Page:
Sovereign Housing’s head of digital services, Sam Dart, will be speaking at Housing Technology’s ‘Connected Communities 2019’ event at the BT Tower in London on 10 September. He has been at the forefront of a shift to a cloud-based portal at Sovereign Housing.
Making life as easy as possible for Sovereign customers is at the heart of the development of our customer portal. We expect to see online bank statements in seconds or to buy food in a matter of minutes, so why shouldn’t Sovereign residents expect the same when paying rent, arranging repairs or undertaking other simple actions connected with their accounts?
From two portals to one…
The Sovereign/Spectrum merger in 2016 meant two customer portals running side-by-side. One was modular, the other an outdated SharePoint solution. At that point, our choices included sticking with one of the existing portals and transferring data over or creating a similar model that incorporated both businesses’ systems. But to provide what our customers wanted – a digital-first, mobile-enabled, fast and flexible service – we quickly realised that neither of these models would do.
So our IT and customer insight teams and product owners worked together to think bigger. How could we make a customer portal the primary contact channel, freeing up those on the phones to deal with more pressing and complicated matters than simply taking rent payments? What would customers want, and expect to be able to do with their technology ten years into the future? What if Sovereign merged again – how would we absorb another business’s systems? The challenge was to get people to see a problem that might not yet exist.
When developing our portal, we knew that we wanted to capitalise on customers who were ready for online, and as such, we couldn’t afford to be tied to a system that might become obsolete before we’d even launched it. This is why we went for an enterprise CMS product. Rather than spending years developing and then delivering something that was Sovereign-specific, only to find that the world had moved on by its release date, we picked an off-the-shelf product and worked with a partner to configure it.
Removing the clunky burden of traditional systems from our residents, leaving them with easy, self-service end-to-end online journeys was, and remains, our priority. And instead of guessing what they might want, we’ve asked for feedback as we go along, continuing to build and adapt our product. It’s been quite a change of mindset.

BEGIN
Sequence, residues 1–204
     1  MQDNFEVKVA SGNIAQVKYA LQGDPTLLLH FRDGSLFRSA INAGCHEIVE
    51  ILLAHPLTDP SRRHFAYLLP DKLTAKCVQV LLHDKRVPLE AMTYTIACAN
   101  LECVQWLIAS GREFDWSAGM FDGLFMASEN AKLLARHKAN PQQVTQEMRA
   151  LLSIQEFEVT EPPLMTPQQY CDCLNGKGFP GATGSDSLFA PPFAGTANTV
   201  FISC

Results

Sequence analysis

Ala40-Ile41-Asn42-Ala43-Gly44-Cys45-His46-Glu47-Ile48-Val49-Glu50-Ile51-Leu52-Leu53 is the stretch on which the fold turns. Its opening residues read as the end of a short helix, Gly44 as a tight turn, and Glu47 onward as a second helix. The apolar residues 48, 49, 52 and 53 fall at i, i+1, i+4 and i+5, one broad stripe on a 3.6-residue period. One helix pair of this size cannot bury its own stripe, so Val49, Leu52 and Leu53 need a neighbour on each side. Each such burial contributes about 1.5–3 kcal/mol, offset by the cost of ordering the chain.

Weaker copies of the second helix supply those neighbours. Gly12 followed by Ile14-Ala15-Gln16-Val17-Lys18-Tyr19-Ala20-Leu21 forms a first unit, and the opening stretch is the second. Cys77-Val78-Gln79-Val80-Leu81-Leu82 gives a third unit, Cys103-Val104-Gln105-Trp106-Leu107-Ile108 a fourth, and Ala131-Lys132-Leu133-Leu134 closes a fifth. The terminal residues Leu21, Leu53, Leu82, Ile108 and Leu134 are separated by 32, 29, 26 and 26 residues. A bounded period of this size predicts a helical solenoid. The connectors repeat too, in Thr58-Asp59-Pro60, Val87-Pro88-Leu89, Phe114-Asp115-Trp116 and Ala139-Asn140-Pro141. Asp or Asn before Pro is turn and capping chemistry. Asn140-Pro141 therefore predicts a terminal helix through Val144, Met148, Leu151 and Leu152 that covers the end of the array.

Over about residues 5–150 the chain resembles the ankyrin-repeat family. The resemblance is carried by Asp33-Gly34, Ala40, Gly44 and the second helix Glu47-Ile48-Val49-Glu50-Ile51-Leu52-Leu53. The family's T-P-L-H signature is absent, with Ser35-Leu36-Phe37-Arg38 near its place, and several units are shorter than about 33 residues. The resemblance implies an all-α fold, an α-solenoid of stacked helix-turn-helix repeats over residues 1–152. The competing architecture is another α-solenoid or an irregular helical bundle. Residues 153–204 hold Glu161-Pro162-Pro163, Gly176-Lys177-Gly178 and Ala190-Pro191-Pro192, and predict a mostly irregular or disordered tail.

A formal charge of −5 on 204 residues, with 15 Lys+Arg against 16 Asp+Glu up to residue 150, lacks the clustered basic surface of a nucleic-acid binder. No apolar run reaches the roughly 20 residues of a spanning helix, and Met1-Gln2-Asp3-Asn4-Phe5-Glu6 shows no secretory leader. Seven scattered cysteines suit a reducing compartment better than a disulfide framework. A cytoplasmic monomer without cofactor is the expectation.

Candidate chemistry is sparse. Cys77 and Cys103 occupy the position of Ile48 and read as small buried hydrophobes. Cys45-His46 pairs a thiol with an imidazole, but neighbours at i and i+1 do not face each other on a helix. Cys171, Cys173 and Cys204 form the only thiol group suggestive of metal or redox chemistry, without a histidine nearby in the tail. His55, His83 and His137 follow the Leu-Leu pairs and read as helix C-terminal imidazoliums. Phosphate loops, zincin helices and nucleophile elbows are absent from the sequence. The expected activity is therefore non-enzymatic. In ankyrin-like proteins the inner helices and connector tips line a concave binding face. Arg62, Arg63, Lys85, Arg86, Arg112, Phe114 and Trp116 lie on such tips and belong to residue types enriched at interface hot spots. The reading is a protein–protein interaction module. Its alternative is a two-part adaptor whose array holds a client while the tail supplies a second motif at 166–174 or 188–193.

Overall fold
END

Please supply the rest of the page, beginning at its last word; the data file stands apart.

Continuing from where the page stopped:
Microsoft Azure offers us the scale and resilience that we need to get this done and Kentico-EMS offers sector-neutral enterprise-grade CMS, with capabilities within the platform that are closely aligned to the type of features we want to provide. With this system, we control our own destiny, are resilient and, even better, it’s our intellectual property to do as we will with in the future.
A decoupled architecture
With this in mind, we decided that our customer portal would feature a decoupled architecture – separating the customer-facing solution from internal systems. Instead of linking the website with line-of-business systems, using bespoke point-to-point interfaces, an API layer was used to retrieve and return data from an aggregated integration database.
We use the Microsoft Azure Managed Instance, using a set of ETL processes to extract information from multiple line-of-business applications, which aggregates the data in a single, application-agnostic data model. This means that our wagon is not permanently hitched to the same systems, and if we want to change them, we can.
This is because our customers are not ‘one-size-fits-all’. We’ve carried out extensive customer journey mapping. Sovereign Living, leasehold, market rent, shared ownership and affordable rent customers all access different parts of the system. Using Google Analytics, Mouseflow analysis and eye-tracking, we’ve monitored behaviour, checking which parts are most popular and which pages are ignored.
The ‘heat’ is shown as colours onscreen, with red showing where people linger longest. This tracking can display minute detail – are areas of the site called by the right name, how quickly do our customers find pages, are they clicking on the right sections to complete actions? It also helps us to think about future investment – why splurge £30,000 on a feature if people aren’t going to use it?
So here we are a year on, confidently continuing to add iterations. We’ve given residents the opportunity to access fire risk assessments at the touch of a button and send handy reminders via ‘push’ notifications. In a year, we’ve only had one outage, meaning the system has been available for 99.3 per cent of the previous year, compared with previous systems that needed input on a week-by-week basis. We don’t have to shut down to make fixes, and our 16,000 residents are now reporting 89 per cent satisfaction with their payment journeys.
We’ve seen almost 100 per cent organic growth in 12 months, from 8,000 to 16,500 users, as customers find us using search engines. Our business case talked about 60 per cent of users, but we don’t want to cap it; if we can continue to improve our offering, we’ll continue to see people coming to us.
We didn’t take this approach because we thought it would be easy (it’s not been without hitches) but now we’re keen to share our experience. Other housing providers may not be looking for the exact product that we’ve created, but helping those developing new technologies to recognise what customers really want, and how to work back through systems to get them there is something we can help with.
Sam Dart is head of digital technology services at Sovereign Housing.